The Church has always been patriotic here. America offered a better life to millions of Catholics fleeing poverty and oppression, and allowed the Church freedom to worship, evangelize, do charity, and run her own affairs. Catholics responded with gratitude. Indeed, critics complained they went too far, and sometimes seemed to view America rather than the Church as the light of the world.
But times have changed. It was easy to be patriotic as long as the country itself was patriotic, and the Church could be happy with her position as long as that position remained what it was. But American political society has fallen into a crisis that has radically worsened the Church’s position and seems likely to be fatal to American patriotism.
Patriotism is love of country, of a people living together over time, along with the things that make them a people—their history, habits, and qualities. As such, it necessarily includes a desire that the country remain largely true to type.
American patriotism therefore had an inner weakness. The “nation with the soul of a church,” as Chesterton called us, was based on a universal creed, liberty and justice for all. But life cannot be based on abstractions, so our country like others was also based on a particular tradition. England was the Mother Country, and our liberty and justice came out of English liberty and common law, as developed through our own experience. That background limited what the abstractions meant.
All that worked as long as our historical background and the general state of our society was something most people accepted, and the universal creed was not interpreted in too abstract and open-ended a manner. That was so for a very long time. American politics was not ideological but practical, sectional, and interest-based. William F. Buckley, Jr., the conservative Irish Catholic, and Lionel Trilling, the liberal son of a Jewish tailor from Bialystok, could both be Anglophiles and no one took it much amiss.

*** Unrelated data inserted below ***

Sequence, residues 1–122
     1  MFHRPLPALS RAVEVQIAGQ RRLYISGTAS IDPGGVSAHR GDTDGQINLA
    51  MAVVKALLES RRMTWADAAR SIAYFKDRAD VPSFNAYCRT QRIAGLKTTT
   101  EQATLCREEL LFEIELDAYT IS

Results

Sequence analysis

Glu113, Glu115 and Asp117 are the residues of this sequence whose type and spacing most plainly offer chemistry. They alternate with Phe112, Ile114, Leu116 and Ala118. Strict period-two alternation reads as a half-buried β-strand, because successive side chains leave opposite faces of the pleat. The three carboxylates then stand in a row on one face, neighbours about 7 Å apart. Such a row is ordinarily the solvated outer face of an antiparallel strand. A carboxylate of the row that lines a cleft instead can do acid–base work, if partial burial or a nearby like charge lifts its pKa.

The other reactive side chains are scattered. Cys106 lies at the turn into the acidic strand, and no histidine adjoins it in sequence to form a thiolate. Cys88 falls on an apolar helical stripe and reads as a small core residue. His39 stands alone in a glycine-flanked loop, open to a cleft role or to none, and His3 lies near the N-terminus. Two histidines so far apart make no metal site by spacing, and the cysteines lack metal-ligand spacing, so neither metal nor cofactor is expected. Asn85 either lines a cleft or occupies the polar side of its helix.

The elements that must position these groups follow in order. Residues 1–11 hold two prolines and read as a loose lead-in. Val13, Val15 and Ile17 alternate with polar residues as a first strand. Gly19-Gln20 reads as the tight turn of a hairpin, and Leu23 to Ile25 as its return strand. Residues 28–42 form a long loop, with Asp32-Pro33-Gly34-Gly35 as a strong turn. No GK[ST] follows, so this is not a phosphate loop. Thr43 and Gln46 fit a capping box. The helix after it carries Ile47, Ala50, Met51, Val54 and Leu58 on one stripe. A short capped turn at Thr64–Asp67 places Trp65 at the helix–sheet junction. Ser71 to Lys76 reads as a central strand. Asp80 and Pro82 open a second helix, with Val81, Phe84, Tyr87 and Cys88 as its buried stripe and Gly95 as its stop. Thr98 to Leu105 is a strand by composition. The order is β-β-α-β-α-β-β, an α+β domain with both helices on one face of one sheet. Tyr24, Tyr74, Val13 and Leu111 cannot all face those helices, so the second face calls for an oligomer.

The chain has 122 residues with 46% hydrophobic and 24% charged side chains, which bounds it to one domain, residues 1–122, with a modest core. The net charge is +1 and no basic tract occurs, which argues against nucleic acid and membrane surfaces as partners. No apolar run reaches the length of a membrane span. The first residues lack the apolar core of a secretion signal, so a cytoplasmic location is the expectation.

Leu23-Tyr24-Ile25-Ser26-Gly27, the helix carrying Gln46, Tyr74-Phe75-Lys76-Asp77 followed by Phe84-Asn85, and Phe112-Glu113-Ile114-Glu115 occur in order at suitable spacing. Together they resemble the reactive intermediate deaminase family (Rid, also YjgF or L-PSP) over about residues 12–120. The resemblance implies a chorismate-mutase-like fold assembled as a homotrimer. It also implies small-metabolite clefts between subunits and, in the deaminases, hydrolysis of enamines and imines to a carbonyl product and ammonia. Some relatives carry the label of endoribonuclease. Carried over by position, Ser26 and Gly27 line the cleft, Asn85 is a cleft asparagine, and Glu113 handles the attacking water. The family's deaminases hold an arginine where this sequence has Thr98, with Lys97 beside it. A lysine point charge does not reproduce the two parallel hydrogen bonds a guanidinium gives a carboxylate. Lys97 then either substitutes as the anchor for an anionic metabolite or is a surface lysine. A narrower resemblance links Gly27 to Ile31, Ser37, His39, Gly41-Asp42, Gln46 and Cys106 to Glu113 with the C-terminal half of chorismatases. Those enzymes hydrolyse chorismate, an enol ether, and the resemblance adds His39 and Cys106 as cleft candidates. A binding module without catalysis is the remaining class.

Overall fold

But weaknesses eventually come due. As liberalism has progressed and social connections weakened, “liberty” has come to be taken in a radically self-defining sense that turns marriage, the basis of social order, into whatever two people say it is, and treats distinctions as basic as the distinction between the sexes as oppressive obstacles that must be pushed aside.
“Justice for all” has also been radicalized. In its current “woke” form it demands not equality before the law or equality of opportunity, but “equity”—equality of result. If two people both want something, and only one gets it, then whatever caused the exclusion of the other is oppression backed by state violence that must be ended immediately. If you disagree, you’re blaming the oppressed for his oppression.
At the same time, the English and older American heritage has come to seem irretrievably foreign to many people, so much so that telling sheriffs that their office “is a critical part of the Anglo-American heritage of law enforcement” is now considered racist. And that complaint has its logic. Anglo-Americans are European in origin, so praising their legal tradition, and using it to determine how state compulsion is applied, now seems to many people pure white supremacy. The same applies to all aspects of American society and government with deep roots in the past.
The net effect of all this is that vocal and influential people now view American society and government as illegitimate except to the extent they are engaged in the struggle to create a new society and government that are no longer tied to the discredited traditions that formerly ordered our national life, and so are able fully to realize the ever-expanding demands of freedom and equality. That is the meaning of “Hope and Change” as a political slogan.
Under such circumstances patriotism—love of country and its people and history—is no longer wanted. What’s wanted is ideological loyalty that rejects those things as they have existed.